2. Means for providing illumination as described in claim 1 wherein the ferrule is secured to the sheath by a plurality of darts in the tubular element extending part way into the sheath.

3. Means for providing illumination in an automotive vehicle at a location remote from a light source including a flexible light conducting member extending between the light source at one end and the said location at the other end, the member comprising a fiber optic bundle jacketed in a protective plastic sheath along the entire length of the bundle, the fiber optic bundle including a plurality of individual transparent plastic fibers each coated with a material having a refractive index lower than that of the said transparent plastic, terminal means secured to the said one end of the member, the terminal means comprising a metal ferrule attached to the sheath, the ferrule consisting of a generally tubular element having a front portion adjacent the one end of the member, a rear portion terminating in an outwardly and rearwardly flared flange, an intermediate flange between the front portion and the rear portion and means for securing the ferrule to the sheath, and means adjacent the light source for engaging the terminal means to secure the said one end of the member in a position illuminable by the light source, comprising a female receptacle having a cylindrical aperture extending completely therethro-ugh for receiving the terminal means and further having locking means engaging the terminal means for retaining the terminal means within the receptacle.

4. Means for providing illumination as described in claim 3 wherein the locking means comprises a resilient tab engaging a flange on the ferrule and wherein the female receptacle includes a shoulder portion surrounding the ferrule and adapted to abut the intermedite flange.

5. Means for providing illumination at a location remote from a light source comprising in combination: a flexible light conducting member extending from the light source at one end and said location at the other end, the member comprising a fiber optic bundle jacketed in a protective plastic sheath along the entire length of the bundle; a housing for the light source having a window; a body of resilient material mounted adjacent the said window; the body having a bore with an axis extending toward the light source, the body further having a portion remote from said light source comprising a resilient finger offset from said axis and with a hook portion that defines a shoulder facing the light source; a ferrule at the end of the light conducting member partially within the bore of said body; said ferrule defining a first annular shoulder located outboard of the bore and adjacent thereto and a second annular shoulder within and adjacent to the first mentioned shoulder to retain the ferrule in position.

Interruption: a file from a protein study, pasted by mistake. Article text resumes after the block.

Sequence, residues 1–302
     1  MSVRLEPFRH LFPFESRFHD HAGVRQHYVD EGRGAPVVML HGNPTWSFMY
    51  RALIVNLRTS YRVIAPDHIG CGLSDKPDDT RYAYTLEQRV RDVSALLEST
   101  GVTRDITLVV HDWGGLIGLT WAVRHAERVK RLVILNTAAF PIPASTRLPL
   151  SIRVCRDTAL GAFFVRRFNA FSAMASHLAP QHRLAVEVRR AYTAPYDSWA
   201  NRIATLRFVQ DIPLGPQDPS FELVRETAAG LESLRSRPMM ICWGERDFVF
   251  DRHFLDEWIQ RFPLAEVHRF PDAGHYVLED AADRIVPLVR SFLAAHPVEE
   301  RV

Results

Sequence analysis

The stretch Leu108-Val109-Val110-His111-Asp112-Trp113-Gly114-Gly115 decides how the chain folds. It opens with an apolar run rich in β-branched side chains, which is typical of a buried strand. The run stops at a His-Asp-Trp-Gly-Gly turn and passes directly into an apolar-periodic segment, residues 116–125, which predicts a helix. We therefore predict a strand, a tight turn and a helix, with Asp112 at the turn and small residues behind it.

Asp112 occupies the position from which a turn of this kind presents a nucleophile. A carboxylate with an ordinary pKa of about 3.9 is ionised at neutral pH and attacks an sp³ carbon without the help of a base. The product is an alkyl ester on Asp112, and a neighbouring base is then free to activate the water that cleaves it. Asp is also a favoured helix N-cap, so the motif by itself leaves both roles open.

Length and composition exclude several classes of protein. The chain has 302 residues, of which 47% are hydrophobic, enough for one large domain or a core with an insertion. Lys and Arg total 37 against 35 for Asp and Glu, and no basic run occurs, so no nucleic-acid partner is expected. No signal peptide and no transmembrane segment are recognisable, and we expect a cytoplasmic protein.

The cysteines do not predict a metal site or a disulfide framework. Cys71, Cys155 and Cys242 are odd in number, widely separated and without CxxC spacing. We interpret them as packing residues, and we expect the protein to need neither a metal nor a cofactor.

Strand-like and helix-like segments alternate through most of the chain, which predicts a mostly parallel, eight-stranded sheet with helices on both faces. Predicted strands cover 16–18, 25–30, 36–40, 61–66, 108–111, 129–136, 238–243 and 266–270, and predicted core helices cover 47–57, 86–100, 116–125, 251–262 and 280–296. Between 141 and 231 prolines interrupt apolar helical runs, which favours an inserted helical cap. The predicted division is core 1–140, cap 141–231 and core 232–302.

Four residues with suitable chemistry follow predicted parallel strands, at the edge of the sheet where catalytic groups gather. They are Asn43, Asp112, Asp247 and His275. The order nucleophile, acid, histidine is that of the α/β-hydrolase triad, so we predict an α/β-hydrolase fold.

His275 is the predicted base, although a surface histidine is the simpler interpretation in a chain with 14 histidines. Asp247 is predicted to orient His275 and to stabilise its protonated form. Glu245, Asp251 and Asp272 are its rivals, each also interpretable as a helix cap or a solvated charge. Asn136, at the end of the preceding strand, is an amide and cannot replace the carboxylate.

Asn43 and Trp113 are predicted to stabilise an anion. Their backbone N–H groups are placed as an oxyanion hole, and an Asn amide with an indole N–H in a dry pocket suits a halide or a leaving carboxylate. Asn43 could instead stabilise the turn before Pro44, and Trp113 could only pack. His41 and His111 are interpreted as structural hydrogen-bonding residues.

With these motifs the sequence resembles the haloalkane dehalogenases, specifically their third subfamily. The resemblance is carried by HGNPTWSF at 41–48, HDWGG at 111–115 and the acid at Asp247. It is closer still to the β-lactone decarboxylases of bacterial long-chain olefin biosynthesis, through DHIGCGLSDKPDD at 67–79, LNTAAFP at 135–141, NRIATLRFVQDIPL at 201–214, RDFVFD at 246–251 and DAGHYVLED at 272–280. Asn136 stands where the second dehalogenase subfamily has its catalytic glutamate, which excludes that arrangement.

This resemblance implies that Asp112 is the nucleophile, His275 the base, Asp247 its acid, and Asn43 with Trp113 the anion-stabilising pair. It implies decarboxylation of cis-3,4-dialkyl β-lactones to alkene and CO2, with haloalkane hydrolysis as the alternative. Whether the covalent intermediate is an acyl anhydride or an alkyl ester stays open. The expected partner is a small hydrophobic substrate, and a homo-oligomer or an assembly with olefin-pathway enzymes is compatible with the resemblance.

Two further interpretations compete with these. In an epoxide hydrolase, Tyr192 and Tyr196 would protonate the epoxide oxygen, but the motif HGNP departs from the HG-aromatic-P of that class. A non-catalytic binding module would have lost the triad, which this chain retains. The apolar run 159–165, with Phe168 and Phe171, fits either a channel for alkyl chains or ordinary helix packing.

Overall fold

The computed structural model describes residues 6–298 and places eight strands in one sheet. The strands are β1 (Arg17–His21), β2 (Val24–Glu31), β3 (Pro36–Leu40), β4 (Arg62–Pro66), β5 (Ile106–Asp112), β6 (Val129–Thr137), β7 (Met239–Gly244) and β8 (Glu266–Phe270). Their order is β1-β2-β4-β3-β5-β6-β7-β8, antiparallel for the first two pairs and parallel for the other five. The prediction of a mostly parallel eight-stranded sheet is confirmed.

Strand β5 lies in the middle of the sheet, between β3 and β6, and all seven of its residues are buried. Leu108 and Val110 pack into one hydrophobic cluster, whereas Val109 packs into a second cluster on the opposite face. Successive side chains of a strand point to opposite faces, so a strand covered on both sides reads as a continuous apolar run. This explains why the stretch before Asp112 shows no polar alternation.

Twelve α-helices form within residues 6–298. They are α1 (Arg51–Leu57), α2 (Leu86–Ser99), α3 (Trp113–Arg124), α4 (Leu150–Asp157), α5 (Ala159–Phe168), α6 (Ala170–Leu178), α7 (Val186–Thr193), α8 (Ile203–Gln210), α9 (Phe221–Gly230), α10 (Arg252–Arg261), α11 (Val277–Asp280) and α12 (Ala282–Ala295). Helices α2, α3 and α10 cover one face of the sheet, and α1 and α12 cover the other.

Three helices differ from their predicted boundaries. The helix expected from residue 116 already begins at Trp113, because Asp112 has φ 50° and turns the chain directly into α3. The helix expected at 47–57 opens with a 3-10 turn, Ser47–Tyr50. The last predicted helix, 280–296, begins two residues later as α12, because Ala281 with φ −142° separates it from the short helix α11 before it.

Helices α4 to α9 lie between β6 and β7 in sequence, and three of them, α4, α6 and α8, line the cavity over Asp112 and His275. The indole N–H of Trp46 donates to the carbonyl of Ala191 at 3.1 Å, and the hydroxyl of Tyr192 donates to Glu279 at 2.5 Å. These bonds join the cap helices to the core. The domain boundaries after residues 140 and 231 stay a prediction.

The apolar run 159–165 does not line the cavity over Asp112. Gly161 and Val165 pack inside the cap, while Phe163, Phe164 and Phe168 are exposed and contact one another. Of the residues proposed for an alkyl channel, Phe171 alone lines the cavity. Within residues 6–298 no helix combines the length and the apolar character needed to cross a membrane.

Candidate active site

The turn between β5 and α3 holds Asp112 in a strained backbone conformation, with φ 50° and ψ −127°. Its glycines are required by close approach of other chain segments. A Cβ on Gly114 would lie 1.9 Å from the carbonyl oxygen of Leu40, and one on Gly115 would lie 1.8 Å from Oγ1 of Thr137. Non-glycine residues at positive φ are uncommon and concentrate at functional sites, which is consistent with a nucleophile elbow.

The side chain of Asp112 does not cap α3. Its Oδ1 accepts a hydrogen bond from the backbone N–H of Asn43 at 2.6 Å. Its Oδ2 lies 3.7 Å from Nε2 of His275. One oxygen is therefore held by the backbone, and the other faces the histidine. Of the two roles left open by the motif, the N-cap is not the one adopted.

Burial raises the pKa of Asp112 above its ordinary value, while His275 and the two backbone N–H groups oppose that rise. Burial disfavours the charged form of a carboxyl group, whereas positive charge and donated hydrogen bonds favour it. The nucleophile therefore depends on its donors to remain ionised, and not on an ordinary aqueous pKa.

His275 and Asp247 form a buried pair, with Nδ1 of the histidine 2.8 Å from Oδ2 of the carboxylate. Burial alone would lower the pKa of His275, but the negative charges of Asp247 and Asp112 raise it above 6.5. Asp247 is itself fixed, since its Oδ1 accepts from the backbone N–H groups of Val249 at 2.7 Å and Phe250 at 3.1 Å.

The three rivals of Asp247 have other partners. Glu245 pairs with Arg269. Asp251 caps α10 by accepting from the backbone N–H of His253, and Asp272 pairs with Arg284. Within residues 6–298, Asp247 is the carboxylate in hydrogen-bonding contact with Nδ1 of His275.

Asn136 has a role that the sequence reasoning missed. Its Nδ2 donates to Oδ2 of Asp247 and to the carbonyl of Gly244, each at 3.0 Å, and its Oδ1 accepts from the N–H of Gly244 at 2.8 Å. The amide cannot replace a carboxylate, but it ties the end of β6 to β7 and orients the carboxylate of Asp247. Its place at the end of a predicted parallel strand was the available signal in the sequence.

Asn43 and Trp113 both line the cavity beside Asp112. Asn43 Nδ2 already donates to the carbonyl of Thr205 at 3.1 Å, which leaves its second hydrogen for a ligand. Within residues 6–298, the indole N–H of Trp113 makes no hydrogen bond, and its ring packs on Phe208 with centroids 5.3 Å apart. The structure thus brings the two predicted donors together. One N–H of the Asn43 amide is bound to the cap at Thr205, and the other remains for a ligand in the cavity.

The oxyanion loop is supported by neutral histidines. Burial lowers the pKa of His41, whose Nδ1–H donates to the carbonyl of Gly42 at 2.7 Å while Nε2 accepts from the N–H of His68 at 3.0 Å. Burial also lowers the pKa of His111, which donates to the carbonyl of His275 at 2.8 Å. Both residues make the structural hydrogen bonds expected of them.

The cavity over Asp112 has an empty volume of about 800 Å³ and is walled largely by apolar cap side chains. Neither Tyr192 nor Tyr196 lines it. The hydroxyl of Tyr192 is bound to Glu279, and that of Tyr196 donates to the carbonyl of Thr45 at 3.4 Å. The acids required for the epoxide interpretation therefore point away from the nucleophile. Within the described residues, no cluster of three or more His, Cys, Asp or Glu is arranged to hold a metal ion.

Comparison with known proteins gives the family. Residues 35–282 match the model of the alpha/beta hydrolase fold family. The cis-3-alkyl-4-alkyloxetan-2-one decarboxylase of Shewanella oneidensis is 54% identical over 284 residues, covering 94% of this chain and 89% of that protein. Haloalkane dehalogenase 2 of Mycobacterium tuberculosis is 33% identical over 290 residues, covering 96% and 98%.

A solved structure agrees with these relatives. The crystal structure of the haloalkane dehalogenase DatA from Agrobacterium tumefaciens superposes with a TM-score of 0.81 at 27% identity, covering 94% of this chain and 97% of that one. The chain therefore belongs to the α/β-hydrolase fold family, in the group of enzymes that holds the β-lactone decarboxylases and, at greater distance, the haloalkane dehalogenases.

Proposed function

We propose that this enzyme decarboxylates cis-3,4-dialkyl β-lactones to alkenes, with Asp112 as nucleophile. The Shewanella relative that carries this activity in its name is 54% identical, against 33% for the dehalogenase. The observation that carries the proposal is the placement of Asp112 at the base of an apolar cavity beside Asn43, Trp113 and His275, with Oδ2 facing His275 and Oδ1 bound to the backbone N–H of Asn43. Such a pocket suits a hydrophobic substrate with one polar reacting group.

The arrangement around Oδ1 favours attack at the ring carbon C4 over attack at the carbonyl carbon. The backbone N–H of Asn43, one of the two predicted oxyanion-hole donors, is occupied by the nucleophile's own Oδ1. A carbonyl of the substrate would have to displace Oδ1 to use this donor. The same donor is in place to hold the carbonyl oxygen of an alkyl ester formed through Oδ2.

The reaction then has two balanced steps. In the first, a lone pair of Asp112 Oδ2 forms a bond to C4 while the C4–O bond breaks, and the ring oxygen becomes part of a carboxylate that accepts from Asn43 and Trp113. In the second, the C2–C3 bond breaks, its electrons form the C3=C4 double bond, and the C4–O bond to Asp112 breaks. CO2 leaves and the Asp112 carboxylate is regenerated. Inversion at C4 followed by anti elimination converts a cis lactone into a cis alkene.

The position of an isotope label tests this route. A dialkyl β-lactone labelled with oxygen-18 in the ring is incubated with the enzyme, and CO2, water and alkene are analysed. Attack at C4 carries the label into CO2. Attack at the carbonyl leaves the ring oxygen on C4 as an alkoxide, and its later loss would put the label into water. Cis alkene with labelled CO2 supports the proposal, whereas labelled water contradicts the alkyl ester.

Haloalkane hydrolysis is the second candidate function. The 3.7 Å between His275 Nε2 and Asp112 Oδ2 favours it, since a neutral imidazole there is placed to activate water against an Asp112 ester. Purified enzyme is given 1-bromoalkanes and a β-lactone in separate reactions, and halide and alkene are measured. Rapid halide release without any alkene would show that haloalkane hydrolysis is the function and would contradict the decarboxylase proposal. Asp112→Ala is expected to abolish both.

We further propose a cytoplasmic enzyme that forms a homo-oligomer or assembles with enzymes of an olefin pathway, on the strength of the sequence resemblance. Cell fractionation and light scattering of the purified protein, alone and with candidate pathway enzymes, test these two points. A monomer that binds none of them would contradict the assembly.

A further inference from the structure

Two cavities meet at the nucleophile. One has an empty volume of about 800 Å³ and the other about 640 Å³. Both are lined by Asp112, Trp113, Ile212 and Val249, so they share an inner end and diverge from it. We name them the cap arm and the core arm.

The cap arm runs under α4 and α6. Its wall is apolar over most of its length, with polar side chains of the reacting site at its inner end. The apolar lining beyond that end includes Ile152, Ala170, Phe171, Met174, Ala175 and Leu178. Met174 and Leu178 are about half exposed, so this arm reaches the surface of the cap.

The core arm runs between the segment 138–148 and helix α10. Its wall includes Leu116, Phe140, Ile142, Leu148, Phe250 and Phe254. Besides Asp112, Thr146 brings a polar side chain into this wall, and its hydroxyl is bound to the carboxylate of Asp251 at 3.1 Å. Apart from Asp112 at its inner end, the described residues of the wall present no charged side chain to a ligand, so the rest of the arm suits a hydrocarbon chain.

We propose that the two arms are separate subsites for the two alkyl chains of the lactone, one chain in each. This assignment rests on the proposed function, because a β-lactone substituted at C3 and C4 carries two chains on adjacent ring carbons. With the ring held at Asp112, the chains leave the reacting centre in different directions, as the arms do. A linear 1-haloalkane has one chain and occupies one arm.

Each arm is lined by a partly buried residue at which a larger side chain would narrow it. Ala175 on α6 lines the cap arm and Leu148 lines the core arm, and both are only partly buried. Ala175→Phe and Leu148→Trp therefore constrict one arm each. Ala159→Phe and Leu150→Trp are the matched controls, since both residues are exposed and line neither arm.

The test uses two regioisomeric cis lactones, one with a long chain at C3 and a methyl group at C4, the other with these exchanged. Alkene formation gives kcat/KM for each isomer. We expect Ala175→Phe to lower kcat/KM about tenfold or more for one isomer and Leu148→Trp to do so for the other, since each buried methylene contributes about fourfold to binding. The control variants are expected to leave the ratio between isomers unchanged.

6. Means for providing illumination as described in claim 5 wherein the portion remote from said light source includes a plurality of resilient fingers offset from said axis and concentric therewith to define a second bore of larger diameter than the first mentioned bore and contiguous therewith, the fingers having hook portions that together define a shoulder facing the light source.

'7. Means for providing illumination as described in claim 5 wherein the housing includes an Opaque portion and the said window is a transparent exhaust tip in the opaque portion, the housing bearing electrical terminals adjacent the exhaust tip; the body of resilient material containing electrical connector means engaging the electrical terminals for making electrical contact therewith and for supporting the body of resilient material adjacent the window.

8. Means for providing illumination as described in claim 5 wherein the window is an aperture in the housing, and the body of resilient material mounted adjacent the window includes two pairs of opposed flange portions defining slots mating with the edge of the aperture in the housing, thereby supporting said body within said window.

9. Means for supporting a light conducting member adjacent a light source comprising in combination: a lamp having an exhaust tip through which light is emitted and having external electrical terminals adjacent the exhaust tip; and a combined electrical connector and light conducting member retaining means comprising an insulating resilient body, electrical conductors within the body mating with the electrical terminals to provide elec trical contact therewith and mechanical support thereon, the body having a bore aligned with the exhaust tip for receiving an end of the light conducting member and for retaining the member within the bore.